|HOME | WORLD CUP 99 | MATCH REPORT|
|June 13, 1999||
Wah, Waugh!Prem Panicker
He's no Mark Taylor. In fact, early on in the South African innings today, I found myself wishing Mark Taylor were back at the helm of this Australia side. Twice on the trot McGrath found Gary Kirsten's edge, on a pitch with movement and much bounce, and both times, the absence of a third slip saw the ball going down to the fence.
But hey, he may not be everyone's favourite person, you may not like his hard-headed pragmatism, but when the chips are down and you want one man to walk out for you, nine people out of ten will pick Steve Waugh. And the tenth guy, the idjit who picks someone else, would be the one who loses the game.
If someone had gone up to Waugh senior before the Australian innings and said, hey, Steve, define leadership by example, define a captain's innings, he couldn't have done it better than with the knock he played, today, coming in with Australia reeling at 48/3 in 11.3 overs, and seeing his side past the target of 271 with two balls to spare.
Hansie Cronje won the toss in the morning, and with Nicky Boje coming in for the injured Jacques Kallis, opted to bat first. Kirsten and Gibbs took McGrath and Fleming, and on the day, McGrath -- who certainly produced a couple of great deliveries -- was not quite firing the way he had against the West Indies and against India. And that had an effect -- the attack was competent, tight, without however looking like it could blow the Proteas away.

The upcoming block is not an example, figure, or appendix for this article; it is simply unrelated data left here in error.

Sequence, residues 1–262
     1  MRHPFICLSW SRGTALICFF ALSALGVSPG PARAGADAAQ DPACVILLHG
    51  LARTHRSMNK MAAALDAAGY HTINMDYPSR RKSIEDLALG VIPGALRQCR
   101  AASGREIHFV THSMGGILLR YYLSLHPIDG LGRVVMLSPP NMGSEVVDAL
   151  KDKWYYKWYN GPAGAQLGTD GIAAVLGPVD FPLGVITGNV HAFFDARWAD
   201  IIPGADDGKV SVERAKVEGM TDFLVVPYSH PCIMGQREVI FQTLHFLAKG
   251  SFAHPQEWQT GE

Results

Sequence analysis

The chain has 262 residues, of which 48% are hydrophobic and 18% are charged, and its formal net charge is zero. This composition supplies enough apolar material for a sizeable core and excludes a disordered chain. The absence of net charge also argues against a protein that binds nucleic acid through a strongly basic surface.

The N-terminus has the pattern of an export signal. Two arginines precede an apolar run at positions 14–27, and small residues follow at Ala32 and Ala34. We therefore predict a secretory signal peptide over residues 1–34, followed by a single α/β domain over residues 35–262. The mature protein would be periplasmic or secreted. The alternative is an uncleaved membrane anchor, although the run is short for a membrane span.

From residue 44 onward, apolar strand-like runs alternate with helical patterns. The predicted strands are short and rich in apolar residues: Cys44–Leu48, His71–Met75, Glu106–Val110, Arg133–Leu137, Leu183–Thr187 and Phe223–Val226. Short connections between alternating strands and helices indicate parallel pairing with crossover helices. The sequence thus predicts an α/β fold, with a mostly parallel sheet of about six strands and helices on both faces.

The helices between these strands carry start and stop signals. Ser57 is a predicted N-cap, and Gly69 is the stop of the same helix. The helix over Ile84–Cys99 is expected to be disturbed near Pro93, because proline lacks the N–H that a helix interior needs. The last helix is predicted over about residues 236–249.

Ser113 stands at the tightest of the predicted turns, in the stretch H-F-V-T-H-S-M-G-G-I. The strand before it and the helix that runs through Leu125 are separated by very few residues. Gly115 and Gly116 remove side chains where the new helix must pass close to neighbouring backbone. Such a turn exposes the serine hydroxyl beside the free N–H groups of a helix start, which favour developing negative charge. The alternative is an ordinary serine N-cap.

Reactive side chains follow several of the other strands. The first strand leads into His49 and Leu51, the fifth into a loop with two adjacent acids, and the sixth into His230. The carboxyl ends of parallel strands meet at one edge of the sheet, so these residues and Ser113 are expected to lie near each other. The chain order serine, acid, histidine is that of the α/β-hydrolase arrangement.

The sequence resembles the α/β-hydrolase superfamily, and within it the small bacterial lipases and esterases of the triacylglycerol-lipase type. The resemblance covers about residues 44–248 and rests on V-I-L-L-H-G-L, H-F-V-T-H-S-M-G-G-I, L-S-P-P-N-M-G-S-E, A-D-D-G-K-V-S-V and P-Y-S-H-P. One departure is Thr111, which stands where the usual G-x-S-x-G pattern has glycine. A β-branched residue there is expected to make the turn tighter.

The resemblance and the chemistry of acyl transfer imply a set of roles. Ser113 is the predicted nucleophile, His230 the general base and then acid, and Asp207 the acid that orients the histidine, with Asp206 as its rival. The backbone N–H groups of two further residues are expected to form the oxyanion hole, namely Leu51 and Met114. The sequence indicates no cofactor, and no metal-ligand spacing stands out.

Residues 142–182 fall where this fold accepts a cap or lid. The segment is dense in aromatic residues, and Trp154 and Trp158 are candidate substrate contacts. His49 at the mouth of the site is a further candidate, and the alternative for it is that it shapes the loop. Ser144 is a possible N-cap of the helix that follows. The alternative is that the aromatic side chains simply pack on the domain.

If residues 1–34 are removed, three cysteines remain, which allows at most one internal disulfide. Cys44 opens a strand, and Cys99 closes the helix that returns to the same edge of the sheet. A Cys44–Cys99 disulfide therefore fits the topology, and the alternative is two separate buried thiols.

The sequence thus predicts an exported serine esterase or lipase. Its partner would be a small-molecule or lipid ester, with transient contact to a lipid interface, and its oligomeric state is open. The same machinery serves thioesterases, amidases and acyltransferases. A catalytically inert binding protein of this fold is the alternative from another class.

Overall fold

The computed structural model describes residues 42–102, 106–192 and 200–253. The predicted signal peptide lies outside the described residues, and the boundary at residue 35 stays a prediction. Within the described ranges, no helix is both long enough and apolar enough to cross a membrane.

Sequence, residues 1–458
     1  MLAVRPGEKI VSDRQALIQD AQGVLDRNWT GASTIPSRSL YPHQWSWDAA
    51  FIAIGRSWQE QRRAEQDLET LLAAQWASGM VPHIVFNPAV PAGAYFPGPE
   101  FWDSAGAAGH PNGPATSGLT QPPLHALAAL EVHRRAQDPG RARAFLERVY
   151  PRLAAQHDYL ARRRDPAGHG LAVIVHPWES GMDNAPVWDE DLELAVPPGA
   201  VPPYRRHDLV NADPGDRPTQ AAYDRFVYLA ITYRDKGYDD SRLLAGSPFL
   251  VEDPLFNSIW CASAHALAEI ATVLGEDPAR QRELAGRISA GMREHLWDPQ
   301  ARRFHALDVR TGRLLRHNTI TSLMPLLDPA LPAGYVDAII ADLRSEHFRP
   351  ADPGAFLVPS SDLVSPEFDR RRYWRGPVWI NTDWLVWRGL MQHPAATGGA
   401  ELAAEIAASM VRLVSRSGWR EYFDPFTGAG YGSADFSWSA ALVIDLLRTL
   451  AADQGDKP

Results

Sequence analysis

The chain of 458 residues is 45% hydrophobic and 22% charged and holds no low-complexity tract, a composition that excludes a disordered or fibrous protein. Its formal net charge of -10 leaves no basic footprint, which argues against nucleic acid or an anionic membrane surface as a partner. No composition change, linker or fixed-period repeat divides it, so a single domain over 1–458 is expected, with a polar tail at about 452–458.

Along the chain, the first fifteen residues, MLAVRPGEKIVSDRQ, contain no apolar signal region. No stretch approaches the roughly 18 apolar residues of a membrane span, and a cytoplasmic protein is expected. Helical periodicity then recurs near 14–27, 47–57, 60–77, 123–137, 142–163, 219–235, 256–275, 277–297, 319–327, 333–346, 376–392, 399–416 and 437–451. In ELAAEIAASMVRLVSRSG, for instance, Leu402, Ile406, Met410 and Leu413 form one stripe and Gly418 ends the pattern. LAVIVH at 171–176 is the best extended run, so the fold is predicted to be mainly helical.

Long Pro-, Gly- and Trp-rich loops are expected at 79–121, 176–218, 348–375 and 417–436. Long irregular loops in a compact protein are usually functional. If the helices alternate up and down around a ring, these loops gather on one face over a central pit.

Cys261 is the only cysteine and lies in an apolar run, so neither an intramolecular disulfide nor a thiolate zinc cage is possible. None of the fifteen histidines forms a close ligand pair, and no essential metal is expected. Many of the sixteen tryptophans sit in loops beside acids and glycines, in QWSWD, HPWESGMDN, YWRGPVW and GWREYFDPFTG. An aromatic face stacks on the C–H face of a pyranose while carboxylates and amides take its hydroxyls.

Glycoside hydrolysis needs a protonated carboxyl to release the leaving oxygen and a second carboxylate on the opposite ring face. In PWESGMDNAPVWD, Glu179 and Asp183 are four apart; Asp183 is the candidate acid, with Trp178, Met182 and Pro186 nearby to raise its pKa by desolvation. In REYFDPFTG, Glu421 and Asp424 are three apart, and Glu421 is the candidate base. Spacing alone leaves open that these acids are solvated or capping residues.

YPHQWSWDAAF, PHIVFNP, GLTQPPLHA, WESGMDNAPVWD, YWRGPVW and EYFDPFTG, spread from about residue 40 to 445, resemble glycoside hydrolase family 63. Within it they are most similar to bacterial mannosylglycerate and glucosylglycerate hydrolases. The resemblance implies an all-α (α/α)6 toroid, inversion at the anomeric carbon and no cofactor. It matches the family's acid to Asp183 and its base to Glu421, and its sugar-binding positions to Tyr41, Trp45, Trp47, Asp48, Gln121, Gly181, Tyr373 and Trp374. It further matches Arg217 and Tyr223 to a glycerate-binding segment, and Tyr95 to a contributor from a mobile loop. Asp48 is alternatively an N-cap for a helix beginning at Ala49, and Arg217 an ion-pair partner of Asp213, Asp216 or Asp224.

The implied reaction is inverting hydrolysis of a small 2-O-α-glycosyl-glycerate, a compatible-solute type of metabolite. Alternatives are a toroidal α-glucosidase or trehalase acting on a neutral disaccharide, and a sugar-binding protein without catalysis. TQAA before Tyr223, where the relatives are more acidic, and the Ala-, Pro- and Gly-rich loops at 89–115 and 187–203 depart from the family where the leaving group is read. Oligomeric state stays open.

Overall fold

The openers started slow, then slowly found their bearings and seemed to be batting themselves into the game when Kirsten fell, poking at a straight ball from Reiffel outside his off for Ponting to hold at point.
Cullinan and Gibbs then stitched together a partnership, and it sure wasn't a pretty sight. Gibbs was sound most of the time -- if you discount the swishes and misses around off -- and produced, every now and again, the clean hit through the line to get the runs on the tins and ease the pressure a bit. Cullinan, meanwhile, was scratchy. And when Shane Warne came on, he looked like he desperately needed someone to throw him a life jacket before he went under for the third time. Trouble with him is he doesn't try to read Warne out of the hand, nor even in the flight. Instead, he hangs around on top of his crease, waiting for the ball to pitch and then peering at it to see what it will do next. Bowling to him must have come as a welcome relief to the leg spinner, after being carted about in earlier games.
Whatever -- they did stitch together a partnership and provide a platform for the hard-hitting lower middle order, before Cullinan played a desperate sweep at Warne to depart LBW. Cronje plays spin well, but for some reason, he lost his cool here, aimed a sweep immediately thereafter, and departed the same way as his predecessor.